but it is in fact the most powerful tool for positive change we
possess. We can exchange ideas on a very human, personal level, with
a basis of respect and faith in each other's essential goodness.
Everyone involved is equal; there is neither superior nor inferior.
The French thinker, Montaigne, loved discussion, and he always
kept an open mind, saying "no proposition astounds me, no belief
offends me, however much opposed it may be to my own. Contradictions
of opinion only arouse and exercise my mind." To him, dialogue was
the search for truth, and he claimed that he welcomed and embraced
the truth, in whoever's hands he found it.

As we have two ears and one mouth, maybe we should listen twice as
much as we speak. Certainly if we are self-righteous or prejudiced,
no one will approach us with an open heart.
Sometimes our attempts to start a discussion or talk things over
may be slighted or ignored. Then we should remember that rejection
and disappointment are inevitable in life, and just keep on trying.
Maintaining dialogue takes great patience and perseverance. We need
to develop a strong sense of self, so that although we can clearly
see the emotions of the other person, we keep on calmly and
steadily 'rowing' closer to their heart.
The biggest obstacle to successful dialogue is usually excessive
attachment to one's own point of view. For instance, a rift between
a parent and child will not be easily healed as long as the parent
only sees things as a parent and the child only from his or her own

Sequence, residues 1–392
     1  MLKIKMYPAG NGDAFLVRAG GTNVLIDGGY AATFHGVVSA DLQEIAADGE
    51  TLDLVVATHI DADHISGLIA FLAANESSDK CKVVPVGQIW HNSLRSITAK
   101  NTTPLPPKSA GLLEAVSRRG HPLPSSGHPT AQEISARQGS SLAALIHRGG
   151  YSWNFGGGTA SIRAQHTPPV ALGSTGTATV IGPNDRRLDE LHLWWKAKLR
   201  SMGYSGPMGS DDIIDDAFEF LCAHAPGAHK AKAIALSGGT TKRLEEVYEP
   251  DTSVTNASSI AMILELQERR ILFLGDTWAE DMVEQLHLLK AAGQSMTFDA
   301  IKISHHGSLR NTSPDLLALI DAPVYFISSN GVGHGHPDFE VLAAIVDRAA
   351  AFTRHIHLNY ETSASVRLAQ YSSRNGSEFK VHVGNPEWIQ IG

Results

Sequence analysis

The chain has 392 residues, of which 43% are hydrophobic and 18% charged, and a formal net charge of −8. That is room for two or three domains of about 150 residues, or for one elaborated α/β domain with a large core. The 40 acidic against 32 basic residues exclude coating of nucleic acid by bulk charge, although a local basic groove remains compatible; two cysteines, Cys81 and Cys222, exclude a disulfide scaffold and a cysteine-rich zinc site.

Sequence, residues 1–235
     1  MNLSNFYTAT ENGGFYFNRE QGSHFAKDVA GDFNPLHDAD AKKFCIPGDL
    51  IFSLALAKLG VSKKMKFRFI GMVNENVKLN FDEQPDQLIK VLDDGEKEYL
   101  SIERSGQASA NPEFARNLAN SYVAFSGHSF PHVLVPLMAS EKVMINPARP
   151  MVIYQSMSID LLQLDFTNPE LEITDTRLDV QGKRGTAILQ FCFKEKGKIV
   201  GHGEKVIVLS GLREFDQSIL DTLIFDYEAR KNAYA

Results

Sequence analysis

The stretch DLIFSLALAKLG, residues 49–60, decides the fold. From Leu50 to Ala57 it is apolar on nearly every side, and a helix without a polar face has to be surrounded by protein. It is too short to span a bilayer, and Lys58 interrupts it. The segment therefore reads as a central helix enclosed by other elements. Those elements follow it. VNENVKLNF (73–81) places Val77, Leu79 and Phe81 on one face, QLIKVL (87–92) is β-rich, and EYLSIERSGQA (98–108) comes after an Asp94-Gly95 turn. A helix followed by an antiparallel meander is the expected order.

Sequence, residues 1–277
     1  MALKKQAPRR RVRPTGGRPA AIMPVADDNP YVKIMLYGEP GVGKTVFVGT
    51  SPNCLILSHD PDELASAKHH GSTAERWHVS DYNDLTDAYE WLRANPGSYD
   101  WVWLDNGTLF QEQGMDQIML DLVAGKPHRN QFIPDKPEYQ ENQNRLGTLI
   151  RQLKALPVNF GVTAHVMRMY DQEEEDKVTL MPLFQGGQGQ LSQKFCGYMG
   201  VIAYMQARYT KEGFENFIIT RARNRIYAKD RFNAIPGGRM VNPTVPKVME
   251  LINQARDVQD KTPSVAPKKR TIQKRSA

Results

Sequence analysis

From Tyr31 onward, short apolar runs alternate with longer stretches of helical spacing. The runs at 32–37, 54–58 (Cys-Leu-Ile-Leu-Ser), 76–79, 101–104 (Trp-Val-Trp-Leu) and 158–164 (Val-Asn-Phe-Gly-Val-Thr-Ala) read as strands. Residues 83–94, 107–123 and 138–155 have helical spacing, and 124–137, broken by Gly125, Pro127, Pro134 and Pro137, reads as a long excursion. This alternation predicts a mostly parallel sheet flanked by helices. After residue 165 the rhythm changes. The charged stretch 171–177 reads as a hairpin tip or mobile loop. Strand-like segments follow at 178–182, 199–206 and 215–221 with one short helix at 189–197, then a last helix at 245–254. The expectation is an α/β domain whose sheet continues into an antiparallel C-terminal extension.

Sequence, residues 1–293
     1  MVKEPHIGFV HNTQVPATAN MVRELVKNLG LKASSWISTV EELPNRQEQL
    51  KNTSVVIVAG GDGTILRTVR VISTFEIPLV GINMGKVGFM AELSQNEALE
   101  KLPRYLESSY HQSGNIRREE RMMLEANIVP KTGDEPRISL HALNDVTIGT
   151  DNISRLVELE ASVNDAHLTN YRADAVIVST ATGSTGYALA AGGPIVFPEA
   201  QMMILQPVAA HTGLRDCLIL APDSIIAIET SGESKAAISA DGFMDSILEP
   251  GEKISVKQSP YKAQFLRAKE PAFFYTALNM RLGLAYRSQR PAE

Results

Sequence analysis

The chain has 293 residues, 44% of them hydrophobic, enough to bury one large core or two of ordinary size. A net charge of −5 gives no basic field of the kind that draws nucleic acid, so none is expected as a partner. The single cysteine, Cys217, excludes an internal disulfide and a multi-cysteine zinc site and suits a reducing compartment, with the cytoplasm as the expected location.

viewpoint.
In a genuine discussion, it is best if we can see any
confrontations that arise as just another form of our connectedness.
If both parent and child can see themselves as sharing common
ground ? making up a family together ? things can take a
surprisingly easy turn for the better. The deeper the common feeling
that binds us, the more we can embrace those who differ from us and
ensure that dialogue will lead to a fruitful outcome.
Whether the problem is that of a single family, or international
in scope, if those involved can view things from a higher
perspective, with a sense of shared purpose, the gears of dialogue
will always start to turn in a positive direction.
If more people were to pursue dialogue in an equally broadminded
and persistent manner, I am sure that the inevitable conflicts of
human life would find easier resolution. Prejudice would give way to
understanding, and war to peace. Genuine dialogue results in the
transformation of opposing viewpoints, changing them from wedges
that drive people apart into bridges that link them together.
From 'A Piece of Mirror' p.#94-97. Daisaku Ikeda




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single speed 
Posted: 26-Dec-2004, 08:10 AM
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Conversation! What a concept! Thanks Maisky


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If you were accused of being a Christian, would your enemies have enough evidence to convict you?
-Ralph Waldo Emerson

If a man does not keep pace with his companions, perhaps it is because he hears a different drummer. Let him keep pace with the music he hears, however measured or far away.
-Henry David Thoreau

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Dreamer1 
Posted: 27-Dec-2004, 12:02 AM
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Beautiful, wonderfully written essay Maisky!
Thank you very much,
Dreamer1